Look at the key elements of Luke 6:27-28.  We are not only called to treat our friends and family with love, but love your enemies, do good to those who hate you, bless those who curse you, pray for those who mistreat you.  You see, it is easy to love those who love you in return: “If you love those who love you, what credit is that to you?  Even sinners love those who love them.” (Luke 6:32).  We are called to love those who are unkind to us!

How do you do this?  You start by leaving “fairness” to God and coming to grips with the fact that we have relinquished our rights to the Father.  He’s sufficient.  He has a plan.  He knows the end from the beginning.  Let God watch over these areas.  Let Him keep score!

*If these principles were applied universally, enemies would become friends!


Luke 6:45 “The good man brings good things out of the good stored up in his heart, and the evil man brings evil things out of the evil stored up in his heart.  For out of the outflow of his heart his mouth speaks.”

“True Character

A person’s true character will eventually come out in his conversation and behavior.  The concept is simple: Good will come out of the good man and evil will come out of the evil man.  The heart is the source of the spring of life!  If the heart is pure, behavior and actions will be pure.  This is pleasing to God.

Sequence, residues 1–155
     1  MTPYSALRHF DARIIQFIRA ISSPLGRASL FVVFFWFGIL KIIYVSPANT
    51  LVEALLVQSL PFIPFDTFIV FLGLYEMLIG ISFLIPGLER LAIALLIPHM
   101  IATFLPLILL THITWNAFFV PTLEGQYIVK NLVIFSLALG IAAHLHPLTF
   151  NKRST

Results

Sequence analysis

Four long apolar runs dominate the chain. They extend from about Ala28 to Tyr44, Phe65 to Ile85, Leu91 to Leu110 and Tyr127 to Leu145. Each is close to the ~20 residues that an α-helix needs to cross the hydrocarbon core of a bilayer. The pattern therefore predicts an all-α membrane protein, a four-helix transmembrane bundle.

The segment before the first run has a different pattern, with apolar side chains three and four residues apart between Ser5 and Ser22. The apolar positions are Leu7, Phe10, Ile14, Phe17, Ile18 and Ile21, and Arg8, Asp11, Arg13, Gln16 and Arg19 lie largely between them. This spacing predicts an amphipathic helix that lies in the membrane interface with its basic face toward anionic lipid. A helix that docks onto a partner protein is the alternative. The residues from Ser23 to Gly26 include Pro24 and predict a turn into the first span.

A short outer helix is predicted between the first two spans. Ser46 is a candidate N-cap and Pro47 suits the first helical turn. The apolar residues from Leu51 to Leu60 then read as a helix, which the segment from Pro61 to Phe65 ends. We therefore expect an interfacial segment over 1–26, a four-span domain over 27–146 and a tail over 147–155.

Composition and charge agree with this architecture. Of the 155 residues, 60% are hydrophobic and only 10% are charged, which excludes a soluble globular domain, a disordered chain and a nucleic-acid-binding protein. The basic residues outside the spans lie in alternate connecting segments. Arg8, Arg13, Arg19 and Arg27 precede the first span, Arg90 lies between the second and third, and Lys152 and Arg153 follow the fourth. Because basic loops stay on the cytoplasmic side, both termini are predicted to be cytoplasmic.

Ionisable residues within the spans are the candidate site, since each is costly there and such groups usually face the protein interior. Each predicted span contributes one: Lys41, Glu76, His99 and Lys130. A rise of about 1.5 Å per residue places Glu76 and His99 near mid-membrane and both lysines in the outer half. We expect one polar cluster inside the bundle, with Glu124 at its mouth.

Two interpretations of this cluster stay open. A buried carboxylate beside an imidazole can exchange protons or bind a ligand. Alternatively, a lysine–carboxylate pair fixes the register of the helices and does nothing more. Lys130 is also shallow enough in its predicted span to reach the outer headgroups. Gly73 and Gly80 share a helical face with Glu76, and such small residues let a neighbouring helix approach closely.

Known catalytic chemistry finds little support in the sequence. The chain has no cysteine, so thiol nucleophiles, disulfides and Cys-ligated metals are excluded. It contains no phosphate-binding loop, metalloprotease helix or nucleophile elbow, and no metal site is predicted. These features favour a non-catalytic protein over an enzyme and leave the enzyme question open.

A true change must happen from the inside out.  David knew this.  That’s why he prayed, “Create in me a pure heart, O God, and renew a stead fast spirit within me.” (Psalm 51:10).  Later in that same prayer: “The sacrifices of God are a broken spirit; a broken and contrite heart, O God, you will not despise.” (Psalm 51:17).

Watch over your heart!  Don’t let the world “dilute” you.  Take a spiritual inventory: “Where your treasure is, there your heart will be also.” (Luke 12:34).  Your heart follows your true treasure.  Is your treasure the Lord God or something (someone) else?  What you say and how you spend your time and money is a good barometer of your spiritual life.

The only way to please God is from a pure heart.  Words and actions will follow.  Try to commit Psalm 51:10, 17 to memory, so that God is your focus and your heart remains pure.


Luke 11:2-4 “He said to them, “When you pray, say: Father, hallowed be thy name, your kingdom come.  Give us each day our daily bread.  Forgive us our sins.”

“On Prayer”

This passage is from a segment of Scripture that is commonly called “The Lord’s Prayer.”  In reality it is a teaching by Jesus on the general format for prayer.  Contained in it are nuggets of truth with regard to how we are to approach God in prayer: